For the past 25 years, wine, and especially Chardonnay, has had a significant presence in pop culture.
Fictional TV character, Bridget Jones, was blamed for turning British people off it (due to her struggles with men, cigarettes and the bathroom scales) and Canadian singer/songwriter, Alanis Morissette sings about a “black fly in your Chardonnay,” in her 1995 smash hit single, Ironic (very unfortunate…)
Demi Moore tried to seduce Michael Douglas in the 1994 film Disclosure, by sharing a bottle of 1991 Pahlmeyer Chardonnay. Alas, her wine advances were spurned. On the local front, even Afrikaans singer/songwriter, Jan Blohm, sings about dealing with his own demons in a song called, ‘Chardonnay’.
It’s a wine that many people feel differently towards, despite being one of the most popular grape varieties in places like the United States and here in South Africa.
It’s also one of the most widely planted white wine grapes across the world. Whether oaked or unoaked, Chardonnay remains a classic white wine. Which is why we celebrate this prolific wine variety today (24 May 2018) with some facts you didn’t (but should) know about Chardonnay:
FACTS YOU DIDN’T (BUT SHOULD) KNOW ABOUT CHARDONNAY:
Chardonnay was born in Burgundy, France: The ancestral home of the Chardonnay grape is in Burgundy, where it’s simply known as white Burgundy, because while there are other white wines made from other white grapes, Chardonnay is the one most prized and seen as truly capturing the region’s incredible terroir.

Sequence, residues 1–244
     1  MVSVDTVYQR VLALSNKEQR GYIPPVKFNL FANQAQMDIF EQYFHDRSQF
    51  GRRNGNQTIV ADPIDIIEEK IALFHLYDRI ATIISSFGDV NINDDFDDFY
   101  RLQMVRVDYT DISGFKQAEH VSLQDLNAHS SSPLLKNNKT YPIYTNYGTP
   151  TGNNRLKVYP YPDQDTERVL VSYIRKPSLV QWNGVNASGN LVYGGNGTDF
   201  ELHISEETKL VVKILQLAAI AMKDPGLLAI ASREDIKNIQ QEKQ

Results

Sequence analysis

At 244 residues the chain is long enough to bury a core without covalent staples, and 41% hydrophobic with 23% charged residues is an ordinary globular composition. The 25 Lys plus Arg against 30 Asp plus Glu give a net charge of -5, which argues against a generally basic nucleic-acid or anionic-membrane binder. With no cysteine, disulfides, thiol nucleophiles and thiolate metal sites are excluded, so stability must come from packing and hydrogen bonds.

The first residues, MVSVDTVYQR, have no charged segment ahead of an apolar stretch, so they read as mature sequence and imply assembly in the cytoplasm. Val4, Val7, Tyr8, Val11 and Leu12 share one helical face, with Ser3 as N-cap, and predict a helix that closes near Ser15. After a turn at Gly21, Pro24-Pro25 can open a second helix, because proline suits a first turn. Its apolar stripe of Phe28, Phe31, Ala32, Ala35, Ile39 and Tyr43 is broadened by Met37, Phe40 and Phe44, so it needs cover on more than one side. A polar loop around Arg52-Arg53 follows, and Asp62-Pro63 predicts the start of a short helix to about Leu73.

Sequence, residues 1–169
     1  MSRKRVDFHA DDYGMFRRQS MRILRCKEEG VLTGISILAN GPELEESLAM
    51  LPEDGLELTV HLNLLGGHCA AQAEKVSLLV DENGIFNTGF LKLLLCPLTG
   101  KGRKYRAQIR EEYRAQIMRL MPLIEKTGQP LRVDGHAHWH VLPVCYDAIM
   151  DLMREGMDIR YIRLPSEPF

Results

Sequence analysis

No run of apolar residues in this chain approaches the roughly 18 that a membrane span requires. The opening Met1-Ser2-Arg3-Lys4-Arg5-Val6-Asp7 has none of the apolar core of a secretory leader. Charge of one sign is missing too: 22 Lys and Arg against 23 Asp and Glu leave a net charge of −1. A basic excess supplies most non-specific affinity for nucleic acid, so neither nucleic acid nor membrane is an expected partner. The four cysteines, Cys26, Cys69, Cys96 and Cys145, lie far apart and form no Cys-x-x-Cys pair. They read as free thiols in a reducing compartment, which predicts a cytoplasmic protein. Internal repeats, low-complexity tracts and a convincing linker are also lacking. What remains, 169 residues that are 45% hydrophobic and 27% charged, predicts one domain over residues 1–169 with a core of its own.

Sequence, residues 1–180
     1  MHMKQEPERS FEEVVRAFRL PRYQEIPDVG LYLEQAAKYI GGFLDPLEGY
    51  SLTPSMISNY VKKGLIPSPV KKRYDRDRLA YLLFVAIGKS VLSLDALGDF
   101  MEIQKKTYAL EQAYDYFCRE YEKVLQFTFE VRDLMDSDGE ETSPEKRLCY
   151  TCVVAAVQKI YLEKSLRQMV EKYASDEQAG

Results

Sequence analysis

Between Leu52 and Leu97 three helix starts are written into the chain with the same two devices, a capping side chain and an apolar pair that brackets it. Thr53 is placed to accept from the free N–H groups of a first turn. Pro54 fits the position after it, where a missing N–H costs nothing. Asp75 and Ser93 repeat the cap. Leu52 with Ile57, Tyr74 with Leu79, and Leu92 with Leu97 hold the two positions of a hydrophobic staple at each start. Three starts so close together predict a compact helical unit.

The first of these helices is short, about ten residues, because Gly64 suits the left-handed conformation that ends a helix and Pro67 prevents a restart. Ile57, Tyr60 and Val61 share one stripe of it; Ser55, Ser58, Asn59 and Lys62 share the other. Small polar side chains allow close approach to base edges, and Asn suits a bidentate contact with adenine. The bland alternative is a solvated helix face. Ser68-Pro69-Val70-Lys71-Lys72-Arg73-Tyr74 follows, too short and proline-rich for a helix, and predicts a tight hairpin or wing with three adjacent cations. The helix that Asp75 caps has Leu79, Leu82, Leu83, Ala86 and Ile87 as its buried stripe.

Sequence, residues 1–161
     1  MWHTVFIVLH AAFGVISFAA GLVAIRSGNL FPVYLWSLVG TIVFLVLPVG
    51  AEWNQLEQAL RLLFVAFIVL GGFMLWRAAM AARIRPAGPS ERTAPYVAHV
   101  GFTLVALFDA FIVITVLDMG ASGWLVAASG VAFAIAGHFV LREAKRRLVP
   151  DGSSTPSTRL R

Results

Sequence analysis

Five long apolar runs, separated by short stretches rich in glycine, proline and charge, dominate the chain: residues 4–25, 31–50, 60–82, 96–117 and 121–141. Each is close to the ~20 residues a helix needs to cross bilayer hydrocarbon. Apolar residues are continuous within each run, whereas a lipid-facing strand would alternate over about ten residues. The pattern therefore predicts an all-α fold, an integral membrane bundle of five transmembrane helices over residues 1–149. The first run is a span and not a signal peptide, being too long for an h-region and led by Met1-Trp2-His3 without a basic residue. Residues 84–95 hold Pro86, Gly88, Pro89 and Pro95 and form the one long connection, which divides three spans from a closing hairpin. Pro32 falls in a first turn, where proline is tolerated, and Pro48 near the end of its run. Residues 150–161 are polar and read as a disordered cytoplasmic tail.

Chardonnay, by order of the Queen: Chardonnay achieved its reputation for greatness in the Burgundy region of France over 1200 years ago. Around 800 A.D. the wife of the Emperor Charlemagne, disgusted by the red wine that stained her husband’s white beard, ordered that white grapes be planted in their Burgundy vineyard, which is now called Corton-Charlemagne.
Blanc De Blancs Champagne is basically Chardonnay: Blanc de Blancs Champagne is a bubbly made entirely from white wine grapes – whereas typical Champagnes are made from a blend of Pinot Noir, Pinot Meunier and Chardonnay.
Chardonnay is really easy to grow: Chardonnay is the most planted grape variety around the world, and this is mostly because it can be grown practically anywhere. Pinot Noir – its sibling from Burgundy – can be incredibly fickle, but Chardonnay seems to find a home almost anywhere.
Oak Barrels are really important to Chardonnay: Chardonnay is divided into two main groups, the unoaked version, which is lighter, more citrusy and crisp and the oaked version, which has more pie crust, nutty and buttery flavours on the mid palate. Oak barrels play the most important role in the taste of Chardonnay. If aged in an oak barrel, this wine features rich, toasty, creamy and buttery flavour. If not, the end result is a crisp, fruity (green apple or exotic fruit) flavour.
Pairing: Lighter Chardonnays (often unoaked or lightly oaked) are crisper and fruitier and pair well with seafood, roast chicken and vegetables. Buttery Chardonnays stand up well with rich buttery foods such as lobster, steak, béarnaise and scallops.